So much for Twitter being home to the next Great American Novel.
Jack Dorsey, Twitter's co-founder and CEO, said the San Francisco-based company won't be expanding the potential length of tweets users post on its service. In an interview with NBC's "Today" show, Dorsey said the 140-character limit, which dictates how long people's posts can be, will remain in place despite rumors he was considering a change.
"It's staying," he said. "It's a good constraint for us and it allows for of-the-moment brevity."
That's a seeming about-face from rumors Twitter was considering expanding tweets to 10,000 characters (or about 2,000 words). In January, Dorsey fanned those rumors by sending a tweet saying he aimed to respond to a new trend where users were including screenshots of text with their tweets to get around the character limit. What if an image of text "was actually text?" he wrote at the time.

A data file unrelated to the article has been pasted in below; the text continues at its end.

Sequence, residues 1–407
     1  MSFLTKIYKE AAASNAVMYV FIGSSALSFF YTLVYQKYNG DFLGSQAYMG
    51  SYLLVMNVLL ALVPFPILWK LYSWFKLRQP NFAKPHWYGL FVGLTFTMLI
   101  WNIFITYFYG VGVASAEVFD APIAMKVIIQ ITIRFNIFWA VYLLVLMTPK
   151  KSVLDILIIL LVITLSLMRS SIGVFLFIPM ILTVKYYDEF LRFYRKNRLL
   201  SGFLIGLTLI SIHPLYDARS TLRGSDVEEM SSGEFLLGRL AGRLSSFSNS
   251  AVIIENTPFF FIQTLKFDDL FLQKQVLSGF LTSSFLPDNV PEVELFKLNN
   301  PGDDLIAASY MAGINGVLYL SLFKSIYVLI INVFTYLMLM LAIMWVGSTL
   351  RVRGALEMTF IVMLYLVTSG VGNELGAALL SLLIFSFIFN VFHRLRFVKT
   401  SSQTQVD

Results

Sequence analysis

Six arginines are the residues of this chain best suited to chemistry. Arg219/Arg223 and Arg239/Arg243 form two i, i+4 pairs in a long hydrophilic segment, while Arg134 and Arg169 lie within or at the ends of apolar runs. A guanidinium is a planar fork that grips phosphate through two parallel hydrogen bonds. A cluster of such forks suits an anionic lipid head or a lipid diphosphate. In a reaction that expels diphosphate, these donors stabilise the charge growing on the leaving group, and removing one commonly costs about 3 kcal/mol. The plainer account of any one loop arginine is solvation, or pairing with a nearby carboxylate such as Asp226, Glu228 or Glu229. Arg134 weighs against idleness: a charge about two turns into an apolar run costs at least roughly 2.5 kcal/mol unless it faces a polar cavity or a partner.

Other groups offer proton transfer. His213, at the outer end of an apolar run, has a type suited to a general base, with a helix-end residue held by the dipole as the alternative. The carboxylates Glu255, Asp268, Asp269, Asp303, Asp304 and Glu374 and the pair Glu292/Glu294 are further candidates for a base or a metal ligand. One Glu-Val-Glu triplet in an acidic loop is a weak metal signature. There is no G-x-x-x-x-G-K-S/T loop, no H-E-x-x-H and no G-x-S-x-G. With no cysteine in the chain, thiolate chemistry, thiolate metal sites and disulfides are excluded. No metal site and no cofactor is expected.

The rumors of a change have excited many users who have clamored for a way to share their thoughts more expansively. Some users have taken matters into their own hands. In addition to the image-based workaround, various people on Twitter post "tweet storms," number-ordered tweets sent in succession to spell out an argument or opinion.
To be sure, Silicon Valley executives have a long history of insisting they aren't doing something, like building a tablet device or opening an app store, and then turning around and doing it when it becomes imperative. Apple's Steve Jobs was perhaps the most well known user of this tactic, famously trash-talking smaller tablets, larger phones, and styluses. Apple has since released all of those things.
Whether Twitter will take a similar path is unclear. The company may come up with better ways to help users post screenshots of text, or it may develop other methods of handling longer messages on the service.